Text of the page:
What is Spear Phishing?
We’ve already covered phishing, a fraudulent email sent out to everyone and their uncle in the attempt to lure the receiver into giving up confidential information, such as passwords, or open a malicious document. Regular phishing is a “spray and pray” method for cyber criminals to get access to your system. But what then is Spear Phishing?
Spear Phishing works very similar to phishing. The main difference is that the fraudulent email is in some way focused on the recipient. That means that the cyber criminals have singled out who they want to manipulate and designed their email accordingly. Unlike a traditional phishing scam the email message indicates that the sender knows who they’re reaching out to.
Examples of Spear Phishing scams
- Restaurant staff gets an email from a sender who wishes to place an order. Attached is a Word document with instructions. Enabling editing on that document opens the floodgates for malware. This happened at popular restaurant chain Chipotle. Millions of customer credit card numbers were stolen.
- A small group of employees gets an email with an Excel document attached called “2011 Recruitment Plan”. A Flash object was embedded in the file. The email was automatically filtered into the junk mail folder. A second email was then sent as a “reminder” and asked recipients to check their junk mail folder. It only took one employee to fall victim to this scam. This happened at the RSA security unit of data-storage at the EMC Corp.
- A very common spear phishing scam is when the name and similar email address of a high ranking executive is used to scam employees lower down in the chain. This is also referred to as Whaling, a type of CEO fraud. In 2015 Ubiquiti Networks Inc handed over more than $40 million after a successful CEO fraud.
- It‘s not just big businesses that are targeted. General consumers are also victims of spear phishing and PayPal and Amazon users are a favorite. There seems to be no end to fraudulent emails sent out in the name of these two companies. Usually these are general phishing emails but every once in a while scammers up the ante and send out very specific emails to specific targets. Always view such emails with a healthy level of distrust, even if you just placed an order and are expecting their email.
They are watching you
Social media is a good place for spear phishing cyber criminals to gain access to their intended victim’s interests and hobbies. They can also find information about their family, where they live and what kind of car they drive. All of this information can be used to craft a specific message that the recipient will be more likely to fall for.
Cyber criminals increasingly exploit personal information, discovered through social engineering, to carry out their schemes.
Who’s a potential spear phishing target?
A spear phishing email will appear to have come from a trustworthy source but will send the recipient to a bogus website with malware or include an infected document. The attacks are individually designed and often target high-ranking employees. Because of the sophisticated way these spear phishing emails are designed, even top executives have fallen for them with drastic consequences.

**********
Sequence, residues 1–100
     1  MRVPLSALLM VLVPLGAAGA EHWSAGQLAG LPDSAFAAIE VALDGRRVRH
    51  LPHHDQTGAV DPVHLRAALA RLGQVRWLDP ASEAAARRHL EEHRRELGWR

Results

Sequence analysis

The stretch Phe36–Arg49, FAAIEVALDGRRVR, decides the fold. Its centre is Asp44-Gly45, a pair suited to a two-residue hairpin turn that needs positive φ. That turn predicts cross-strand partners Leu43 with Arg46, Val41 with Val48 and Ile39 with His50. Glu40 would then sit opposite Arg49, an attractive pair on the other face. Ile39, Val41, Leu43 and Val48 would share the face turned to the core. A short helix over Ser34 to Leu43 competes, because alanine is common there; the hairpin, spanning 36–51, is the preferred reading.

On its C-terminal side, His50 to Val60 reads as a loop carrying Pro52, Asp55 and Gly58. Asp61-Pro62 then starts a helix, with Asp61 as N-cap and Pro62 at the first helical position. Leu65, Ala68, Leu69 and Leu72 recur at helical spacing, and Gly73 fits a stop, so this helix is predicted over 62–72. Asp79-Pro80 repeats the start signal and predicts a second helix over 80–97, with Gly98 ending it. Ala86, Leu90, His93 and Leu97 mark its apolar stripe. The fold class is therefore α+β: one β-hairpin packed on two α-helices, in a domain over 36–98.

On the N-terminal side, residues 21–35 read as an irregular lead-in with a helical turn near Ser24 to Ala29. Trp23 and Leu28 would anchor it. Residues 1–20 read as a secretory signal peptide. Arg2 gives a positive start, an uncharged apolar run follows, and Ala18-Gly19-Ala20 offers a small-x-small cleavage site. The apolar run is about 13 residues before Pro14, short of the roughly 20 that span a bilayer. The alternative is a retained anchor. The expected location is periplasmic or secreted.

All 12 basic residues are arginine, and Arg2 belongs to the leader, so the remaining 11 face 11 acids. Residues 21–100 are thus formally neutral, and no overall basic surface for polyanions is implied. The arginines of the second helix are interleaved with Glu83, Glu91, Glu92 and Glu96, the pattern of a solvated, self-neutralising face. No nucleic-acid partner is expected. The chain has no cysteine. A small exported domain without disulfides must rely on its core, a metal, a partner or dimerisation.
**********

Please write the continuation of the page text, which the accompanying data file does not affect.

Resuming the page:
Everyone is a potential target for spear phishers. Therefore, everyone within an organisation needs continuous cyber security awareness training. It‘s also a good rule of thumb to be constantly vigilant about what information you share about yourself on-line. Spear phishers are not only looking for ways to breach companies but also use this information for identity theft.
What does Spear Phishing do?
Because of spear phishing’s clever customization these scams often go undetected. Data breaches often go unnoticed for several months. By the time they’re discovered it is unlikely that an employee will remember getting a customized spear phishing email.
It only takes one employee to trust a customized email and open a malicious document or website to have severe consequences. This opens a door for the cyber criminals to steal important and sensitive data, both from the company, its employees and its customers. If the spear phishing attack contains malware the organisation’s data can be held ransom or its computers hijacked to create botnets used for other cyber attacks.
How to avoid Spear Phishing
First and foremost: Be aware! Train your employees and then train them some more!
- If you did not sign up for an email, even if it is about your hobby or interests, you probably shouldn’t be getting one.
- Always keep in mind that you can be the recipient of a bogus email, even if it appears to come from a trusted source.
- Don’t click links in emails. Instead type in the website yourself.
- Verify URLs. Hover over links to see if they have a typo. A typo in a URL is a very big warning sign.
- Never give out personal data. That means passwords and account numbers as well as revealing too much on social media.
- Only use your work email for work related matters. If you are only used to receiving work related emails you will be suspicious if you suddenly start receiving emails from sources that should not have your work email address such as your bank, on-line shops and other non-work related organisations.